At nearly every step, the government has had its way. Taxpayers have mounted only sporadic resistance, in what are often called "tax revolts." The phrase is significant. If our rulers are really our "servants," as self-government implies, why are the wishes of the ruled considered "revolts"? Can we "revolt" against our own servants? Or have they really become our masters?

Corrupt is "Government-run healthcare and car companies, White House coercion, uninvestigated ACORN corruption, bailouts for some banks and closing others, ignoring illegals yet give them 1st priority in HHS handouts, attacks on conservative media and the private sector, jeapordizing the value of the dollar, unprecedented and dangerous new rights for terrorists, requiring intruding questions on US Census, perks for campaign donors – this is Obama's 'ethics' record – and that's just the first year of his presidency." At what point do we shut this all down? At what point does 'treason' kick in?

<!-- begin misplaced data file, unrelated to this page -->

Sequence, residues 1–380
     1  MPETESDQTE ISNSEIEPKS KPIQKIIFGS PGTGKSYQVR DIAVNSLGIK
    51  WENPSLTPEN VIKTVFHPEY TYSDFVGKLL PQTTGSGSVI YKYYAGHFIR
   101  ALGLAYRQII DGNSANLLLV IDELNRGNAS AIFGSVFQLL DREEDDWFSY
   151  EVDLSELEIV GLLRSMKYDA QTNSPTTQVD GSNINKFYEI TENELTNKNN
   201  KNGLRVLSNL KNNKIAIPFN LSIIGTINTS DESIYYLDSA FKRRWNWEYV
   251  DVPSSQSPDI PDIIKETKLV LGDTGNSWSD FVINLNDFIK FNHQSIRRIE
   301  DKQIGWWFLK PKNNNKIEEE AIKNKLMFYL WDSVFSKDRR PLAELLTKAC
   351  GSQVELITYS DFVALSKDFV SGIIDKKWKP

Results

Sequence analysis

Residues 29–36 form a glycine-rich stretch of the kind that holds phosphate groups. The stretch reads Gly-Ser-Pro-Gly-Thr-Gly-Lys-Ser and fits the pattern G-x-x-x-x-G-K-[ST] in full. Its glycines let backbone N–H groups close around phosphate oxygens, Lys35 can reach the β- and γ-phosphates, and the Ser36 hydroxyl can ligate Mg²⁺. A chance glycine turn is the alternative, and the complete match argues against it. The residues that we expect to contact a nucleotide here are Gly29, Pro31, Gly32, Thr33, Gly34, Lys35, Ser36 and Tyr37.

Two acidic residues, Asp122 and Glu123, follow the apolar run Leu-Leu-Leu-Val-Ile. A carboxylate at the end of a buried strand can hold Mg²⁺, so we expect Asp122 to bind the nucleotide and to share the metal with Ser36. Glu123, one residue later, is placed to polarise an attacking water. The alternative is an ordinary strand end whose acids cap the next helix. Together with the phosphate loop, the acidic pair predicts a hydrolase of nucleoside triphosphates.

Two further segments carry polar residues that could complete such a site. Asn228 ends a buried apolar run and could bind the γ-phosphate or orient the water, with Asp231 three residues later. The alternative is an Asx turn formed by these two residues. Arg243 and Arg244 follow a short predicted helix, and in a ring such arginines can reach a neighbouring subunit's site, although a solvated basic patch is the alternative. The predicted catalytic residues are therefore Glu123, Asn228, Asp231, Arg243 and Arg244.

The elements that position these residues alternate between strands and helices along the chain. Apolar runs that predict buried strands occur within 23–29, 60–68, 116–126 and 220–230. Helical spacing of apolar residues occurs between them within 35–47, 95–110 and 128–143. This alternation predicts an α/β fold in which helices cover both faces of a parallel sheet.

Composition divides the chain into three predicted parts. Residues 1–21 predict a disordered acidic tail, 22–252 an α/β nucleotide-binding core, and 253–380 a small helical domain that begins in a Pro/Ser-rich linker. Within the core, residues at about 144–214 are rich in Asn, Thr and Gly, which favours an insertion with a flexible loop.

At what point does taxation become confiscation, theft, and even involuntary servitude? Our rulers -- we may as well say our masters -- never address this point. The Ruler of the universe asks only 10 per cent of our wealth. Our earthly rulers won't settle for such a modest share. They consider us "greedy" for wanting to keep more of our own money; they consider themselves "compassionate" for wanting to take more of it -- 20 per cent, 40 per cent, why not 80 per cent?

Taxation has always been big business, the biggest business of government.
If the politicians had any respect for our rights, our property, our liberty, even our dignity, they would impose taxes only reluctantly, and they would acknowledge some just limit. They would act as if the money they take and spend is *our* money, to be used for the common good of all, and not for buying the votes of special interests and government dependents. In short, they would recognize that taxation is a *moral* issue, not a mere political convenience to be exercised arbitrarily and irresponsibly.